Kansas Snapshots by Gloria Freeland - February 28, 2020

I looked before I leapt

Unusual events often spark an idea that leads to a column. Such was the case this week when I noticed tomorrow is Leap Day. All sorts of thoughts began going through my head. I mentioned it to husband Art and he told me a story about his uncle and February 29. So, slowly and deliberately, I began formulating what a column might look like.

Then an air of unease settled over me. While Leap Day only occurs about once every 1,500 days and so is fairly unique, that very fact may mean I wrote about it before. Time to check.

Sure enough! In 2004, when my "Snapshots" was published in the local Riley Countian and wasn't yet posted online, I explored the topic pretty extensively. I wonder if there is enough material left for a new column?

Snapshots by Gloria Freeland - Feb. 26, 2004

Leap before you look

This coming Sunday - Leap Day - is an almost once-every-four-years occurrence. Although some might complain that it's just one more day in the dreary month of February, I look at it as a bonus - a day to celebrate. I don't know what form that celebration might take, but I'm sure I'll think of something. If I can't come up with ideas on my own, I can always turn to the Internet for inspiration.

Web sites are full of information about Feb. 29 - ranging from very scientific explanations as to why we need Leap Day to keep our calendar on track, to bits of trivia on who was born and what events occurred on this date throughout history.

Some version of the rhyme we learned as kids helps us remember how many days each month, including February, has:

Thirty days hath September,
April, June and November;
All the rest have thirty-one
excepting February alone:
Which hath twenty-eight, in fine,
'til Leap Year gives it twenty-nine.

The ditties the girls, Art and I learned varied somewhat from that one, but they still did the trick.

Our solar year - the time required for the Earth to travel around the sun - is 365.242190 days. Our calendar year is either 365 days in non-leap years or 366 days in leap years, when we add Leap Day.

According to information at www.mystro.com/leap.htm, the original Roman 355-day calendar had an extra 22-day month every few years to maintain the correct seasonal changes. By the time Julius Caesar took reign, the seasons no longer occurred during the same months they once had. He remedied this in 46 B.C. by throwing out the extra month and adding an extra day to a few months instead. For good measure, he also named a month in honor of himself - Julius (July). The calendar was changed again, first from an extra day every three years to one every four years, in 8 A.D. It was then modified again by Pope Gregory XIII in 1582. He determined that leap days should not occur in years ending in 00 unless they were also divisible by 400.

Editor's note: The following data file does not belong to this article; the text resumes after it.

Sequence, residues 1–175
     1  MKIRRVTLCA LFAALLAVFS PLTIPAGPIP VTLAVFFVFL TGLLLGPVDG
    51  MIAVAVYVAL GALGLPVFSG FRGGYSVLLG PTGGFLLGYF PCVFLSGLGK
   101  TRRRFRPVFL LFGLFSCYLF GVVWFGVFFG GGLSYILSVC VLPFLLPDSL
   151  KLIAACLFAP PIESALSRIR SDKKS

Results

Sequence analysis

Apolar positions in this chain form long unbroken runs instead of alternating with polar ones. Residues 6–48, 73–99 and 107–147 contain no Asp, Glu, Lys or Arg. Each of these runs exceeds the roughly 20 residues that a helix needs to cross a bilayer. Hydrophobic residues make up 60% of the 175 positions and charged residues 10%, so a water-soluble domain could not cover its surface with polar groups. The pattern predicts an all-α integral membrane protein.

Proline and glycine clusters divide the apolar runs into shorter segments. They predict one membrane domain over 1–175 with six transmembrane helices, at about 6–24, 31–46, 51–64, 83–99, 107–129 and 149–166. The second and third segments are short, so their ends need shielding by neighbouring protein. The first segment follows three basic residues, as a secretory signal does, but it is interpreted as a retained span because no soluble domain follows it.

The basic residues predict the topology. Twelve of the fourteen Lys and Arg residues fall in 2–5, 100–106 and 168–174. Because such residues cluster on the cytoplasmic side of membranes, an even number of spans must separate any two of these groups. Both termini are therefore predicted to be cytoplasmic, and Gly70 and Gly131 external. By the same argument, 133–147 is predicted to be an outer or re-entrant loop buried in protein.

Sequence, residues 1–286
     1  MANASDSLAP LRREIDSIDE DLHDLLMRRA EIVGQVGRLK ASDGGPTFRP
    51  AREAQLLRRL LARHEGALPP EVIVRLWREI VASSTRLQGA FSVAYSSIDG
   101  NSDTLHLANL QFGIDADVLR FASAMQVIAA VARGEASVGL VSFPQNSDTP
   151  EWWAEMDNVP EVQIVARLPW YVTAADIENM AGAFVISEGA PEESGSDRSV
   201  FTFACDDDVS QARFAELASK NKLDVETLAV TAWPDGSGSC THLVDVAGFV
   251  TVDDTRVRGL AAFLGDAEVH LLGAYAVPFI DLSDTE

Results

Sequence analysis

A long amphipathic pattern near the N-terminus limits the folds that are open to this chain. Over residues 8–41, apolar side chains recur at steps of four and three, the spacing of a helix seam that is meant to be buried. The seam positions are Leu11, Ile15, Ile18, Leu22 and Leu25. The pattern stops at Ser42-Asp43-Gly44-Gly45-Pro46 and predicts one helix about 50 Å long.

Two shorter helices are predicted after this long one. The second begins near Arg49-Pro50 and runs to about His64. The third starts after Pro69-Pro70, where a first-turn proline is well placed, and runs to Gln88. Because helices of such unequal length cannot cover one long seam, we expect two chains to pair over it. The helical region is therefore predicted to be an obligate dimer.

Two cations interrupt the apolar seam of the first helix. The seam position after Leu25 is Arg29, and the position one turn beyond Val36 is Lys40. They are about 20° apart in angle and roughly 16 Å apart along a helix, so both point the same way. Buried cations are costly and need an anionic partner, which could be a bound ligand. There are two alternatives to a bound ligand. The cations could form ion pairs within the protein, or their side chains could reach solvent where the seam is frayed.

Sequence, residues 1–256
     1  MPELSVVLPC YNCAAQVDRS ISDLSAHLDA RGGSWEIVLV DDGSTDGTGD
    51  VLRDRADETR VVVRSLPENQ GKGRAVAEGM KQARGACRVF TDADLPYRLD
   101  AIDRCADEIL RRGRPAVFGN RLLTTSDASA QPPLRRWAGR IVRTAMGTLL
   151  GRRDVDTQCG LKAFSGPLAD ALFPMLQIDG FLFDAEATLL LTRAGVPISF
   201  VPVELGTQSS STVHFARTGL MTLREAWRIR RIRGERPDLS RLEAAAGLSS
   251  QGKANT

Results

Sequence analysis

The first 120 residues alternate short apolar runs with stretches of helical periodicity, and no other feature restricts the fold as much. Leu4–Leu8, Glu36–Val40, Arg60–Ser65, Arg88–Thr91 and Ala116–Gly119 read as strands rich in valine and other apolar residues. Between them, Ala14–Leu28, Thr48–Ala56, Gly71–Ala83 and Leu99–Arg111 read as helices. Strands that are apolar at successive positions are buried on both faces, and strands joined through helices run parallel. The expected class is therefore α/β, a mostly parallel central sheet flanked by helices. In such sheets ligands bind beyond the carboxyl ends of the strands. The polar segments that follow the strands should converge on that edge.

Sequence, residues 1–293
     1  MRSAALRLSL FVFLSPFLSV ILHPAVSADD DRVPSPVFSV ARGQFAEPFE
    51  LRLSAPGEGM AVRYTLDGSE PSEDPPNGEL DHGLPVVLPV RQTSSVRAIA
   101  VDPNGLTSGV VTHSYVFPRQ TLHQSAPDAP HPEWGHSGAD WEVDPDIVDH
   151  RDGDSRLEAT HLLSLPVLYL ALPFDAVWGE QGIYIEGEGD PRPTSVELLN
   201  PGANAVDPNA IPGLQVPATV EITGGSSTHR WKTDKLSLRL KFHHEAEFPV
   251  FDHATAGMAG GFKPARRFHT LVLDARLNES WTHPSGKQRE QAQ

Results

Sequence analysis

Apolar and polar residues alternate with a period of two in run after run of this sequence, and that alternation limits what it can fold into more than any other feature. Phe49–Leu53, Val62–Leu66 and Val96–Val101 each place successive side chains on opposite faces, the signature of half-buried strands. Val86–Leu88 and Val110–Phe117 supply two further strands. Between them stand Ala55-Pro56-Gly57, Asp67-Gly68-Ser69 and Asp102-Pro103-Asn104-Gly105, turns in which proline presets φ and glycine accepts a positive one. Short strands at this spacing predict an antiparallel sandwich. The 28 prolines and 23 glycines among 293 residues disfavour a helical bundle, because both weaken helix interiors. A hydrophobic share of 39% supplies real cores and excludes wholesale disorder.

Only one in 1,461 people is born on Feb. 29. Some Web sites recommend special parties and menus for leapers - those born on that date. Frog legs and grasshopper pie seem to be top choices for food. The Honor Society of Leap Day Babies encourages leapers to join, and it even has a "leapzine."

I don't know anyone born on Feb. 29, but Art's son Matt and his Uncle Art share Feb. 28 birthdays. Uncle Art thought he was a Leap Day baby until he applied for a passport at the age of 65 and found out his birthday was one day shy of giving him this special status.

A few of the famous people born on this date include:

1736 - Ann Lee (Mother Ann), founder of Shakerism in the United States
1792 - Gioachino Rossini, composer of the opera, "The Barber of Seville"
1904 - Jimmy Dorsey, band leader
1924 - Al Rosen, Cleveland Indians third baseman
1936 - Jack Lousma, astronaut
1948 - Al Clark, football player
1972 - Antonio Sabato, Jr., actor

The History Channel site lists the following events which occurred on Feb. 29:

1288 - Scotland established this day as one when a woman could propose marriage to a man. The idea originated in Ireland in the fifth century when St. Bridget convinced St. Patrick to allow one day when a woman could propose marriage. Sadie Hawkins Day is a modern-day spin-off.

1860 - The first electric tabulating machine - the forerunner of the calculator - was invented by Herman Hollerith.

1932 - Bing Crosby and the Mills Brothers teamed up to record "Shine."

1940- Hattie McDaniel was the first black person to win an Oscar. She won best supporting actress for her role as Mammy in "Gone with the Wind."

1964 - The United States was in the grip of Beatlemania. "I Want to Hold Your Hand" was in its fifth week at number 1 on the pop charts.

What I do Leap Day probably won't be on the History Channel and it won't be a chart topper either. But whatever I do, I plan to enjoy it. Maybe I'll even take a chance on something totally off the wall and leap before I look!

Well, that old column touched almost everything I had in mind. Even that story about Art's uncle was in there. Oh, I have a few new things. For one, that website mentioned has vanished. Al Rosen died in 2015 and Al Clark passed just three months after the column was published. And the History Channel? It is just called History now.

A few others include:

- The first arrest warrants for the Salem witchcraft trials went out on Feb. 29, 1692.
- Sweden and Finland added a Feb. 30 in 1712 to help synchronize their outdated Julian calendar with the new Gregorian one.
- In 1928, someone came up with a Leap Day cocktail. Concocted by Harry Craddock at London's Savoy Hotel, the recipe included gin, Grand Marnier, sweet vermouth and a dash of lemon juice.

But that is hardly enough for a new column. Still, I am glad I looked before I leapt onto this week's column. I'd hate to repeat myself!

Comments? [email protected].
Other columns from 2020 may be found at: 2020 Index.
Links to previous years are on the home page: Home